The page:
Wednesday, 30 September 2015

The Shroud Of Christ By Paul Vignon D.Sc (Fr) Part 16.

Its author begins by arguing that the stigmata on the Besançon Shroud are very badly indicated. " But why," he says " are the wounds on the head made by the crown of thorns, only dimly visible ? How is it that not the least mark of scourging can be seen ? The arms and chest could not have escaped being flayed by the lash, and yet the marks left by those portions of the body are not stronger than the marks from the legs and thighs. None of these details have been forgotten in the Holy Shroud of Turin. Why did not the blood which flowed down from the wound in the side leave no stain, as it did on the wound itself and its immediate vicinity ?—as it did also in the clots painted like drops on the hands and feet. If the body had been washed, is it likely that the marks of blood would have been washed away in some places and left in others ? " (Folio 60.)

He then expresses surprise that only the front aspect of the body should appear, and points out that in the Shroud of Turin there are both front and back impressions (folio 61). He considers the image of Besançon to be as unnatural in form as it is ugly in appearance, and adds : " Why are these impressions drawn with such regularity ? The human body is not made like a stick, straight up and down ; the shoulders should be broader than the head, the neck, less wide than the loins or the knees. The head of a man is spherical, not flat like a mirror ; the features, the nose in particular, stand out in relief, some higher, some lower than others. The cloth which covered the sacred countenance of Jesus Christ could not have been in contact with all its parts alike. Yet all the impressions are of equal strength. The feet appear to be separated. Yet, surely, they were laid together. The whole figure is in Gothic taste, as I shall proceed to show " (folios 61 and 62).

In folio 65 the author goes on: " In the Holy Shroud the shoulders are shown perfectly square, whilst all the extremities are practically straight lines, just as they are in ancient paintings and stained glass windows in churches of Gothic architecture, good taste, and truth to nature being alike ignored. All which goes to prove that the impression on the Holy Shroud is not natural." (1)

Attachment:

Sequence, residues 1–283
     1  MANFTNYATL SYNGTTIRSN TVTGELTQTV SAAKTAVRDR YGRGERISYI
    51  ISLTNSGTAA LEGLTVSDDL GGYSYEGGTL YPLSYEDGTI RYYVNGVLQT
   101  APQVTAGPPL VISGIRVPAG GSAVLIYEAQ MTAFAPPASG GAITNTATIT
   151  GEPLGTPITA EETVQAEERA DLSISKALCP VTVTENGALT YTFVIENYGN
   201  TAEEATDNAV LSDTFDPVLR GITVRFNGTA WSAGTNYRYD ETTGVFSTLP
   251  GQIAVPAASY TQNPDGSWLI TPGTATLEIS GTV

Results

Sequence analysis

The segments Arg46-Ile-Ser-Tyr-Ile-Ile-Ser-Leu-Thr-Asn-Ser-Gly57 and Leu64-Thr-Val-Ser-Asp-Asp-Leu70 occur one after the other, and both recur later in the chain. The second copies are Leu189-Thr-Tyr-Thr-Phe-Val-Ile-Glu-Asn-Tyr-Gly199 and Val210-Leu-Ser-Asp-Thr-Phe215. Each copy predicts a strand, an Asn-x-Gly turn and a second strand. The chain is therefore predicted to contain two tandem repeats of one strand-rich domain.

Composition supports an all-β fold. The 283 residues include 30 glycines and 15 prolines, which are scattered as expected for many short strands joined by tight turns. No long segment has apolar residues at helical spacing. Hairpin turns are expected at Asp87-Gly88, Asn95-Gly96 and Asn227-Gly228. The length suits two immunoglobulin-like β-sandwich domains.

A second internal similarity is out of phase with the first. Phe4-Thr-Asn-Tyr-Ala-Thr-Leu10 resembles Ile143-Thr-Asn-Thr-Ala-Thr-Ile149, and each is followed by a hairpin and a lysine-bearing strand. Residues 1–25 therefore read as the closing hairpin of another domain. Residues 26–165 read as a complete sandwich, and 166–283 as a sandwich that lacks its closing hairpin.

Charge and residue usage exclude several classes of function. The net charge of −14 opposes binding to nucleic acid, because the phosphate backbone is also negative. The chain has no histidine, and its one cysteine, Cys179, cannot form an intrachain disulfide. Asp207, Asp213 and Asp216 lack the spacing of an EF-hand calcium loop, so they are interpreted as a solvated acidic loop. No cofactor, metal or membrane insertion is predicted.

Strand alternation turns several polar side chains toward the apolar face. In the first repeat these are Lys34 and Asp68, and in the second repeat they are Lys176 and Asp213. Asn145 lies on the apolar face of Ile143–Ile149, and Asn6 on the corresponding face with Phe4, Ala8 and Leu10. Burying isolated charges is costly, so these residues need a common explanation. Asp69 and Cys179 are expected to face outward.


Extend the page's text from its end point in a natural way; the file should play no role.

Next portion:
We may quote the passage where our unknown author tells us that in the actual Shroud of Besançon the wound in the breast was shown on the right side, not on the left as Chifflet has it. " On the surface of the Holy Shroud, which has the wound on the right side, it is more distinctly marked than on the other surface. The same with the wounds on the feet and hands. Yet it was not this surface which touched the Holy Body, for then the right side would appear to be the left, just as it is in a print taken from a woodcut or in the reflection in a mirror, showing on the left what is in reality on the right. The artist should have remembered that the impressions on the Holy Shroud would have been stronger on the surface which touched the Holy Body. He has preferred to conform to the pictures of Christ which represent the wound as being on the right side " (folio 64).

Evidently in Chifflet's print it was necessary to put the wound on the left, as they wished to make the figure of Besançon confirm that of Turin, where the wound certainly is on the left side.

We lay stress upon all these blunders, for it is by such that a forger betrays himself. If the clerical contemporaries of Voltaire, who examined the so-called Holy Shroud of Besançon with such open minds, could return to life, we should beg them to criticize freely the Shroud of Turin, feeling sure that their conclusions would be different from those which they arrived at, with regard to the cloth of Besançon.

Let us now return to our examination. It was not only by clumsiness that the author of the Besançon Shroud failed to imitate his model ; he did more ; he pandered to his public. Thus he not only painted the wound on the breast on the right side of the body, and twisted the hands until both were visible, but he deliberately placed in the middle of each hand the marks of the nails, which in the Holy Shroud of Lirey (Turin) are distinctly visible in the wrists.

It may be argued that in Chifflet's engraving the wound is not exactly in the centre of the hands, neither is it in the wrists ; but Chifflet in his description of the Shroud at Besançon asserts that the nails must have pierced the metacarpal bone.

The anonymous author of the manuscript in favour of the Holy Shroud of Besançon devotes folios 38 to 41 to the position of the wounds on the hands. According to him the Holy Shroud of Besançon is glorified by showing the traces of the nails in the place where painters always had placed them, and the Holy Shroud of Turin must be condemned as a forgery. In the Middle Ages—the time of rigid tradition—this fact carried greater weight than in 1700.

(1) The two manuscripts " for and against" were written at different dates. The second has this remark, " Je tiens de M. l'abbe Trouillet que cette dissertation est le resultat de conferences entre lui, le premier professeur Bullet et l'abbe Fleury, chanoine de Sainte Magdeleine."—Signe : Grappin.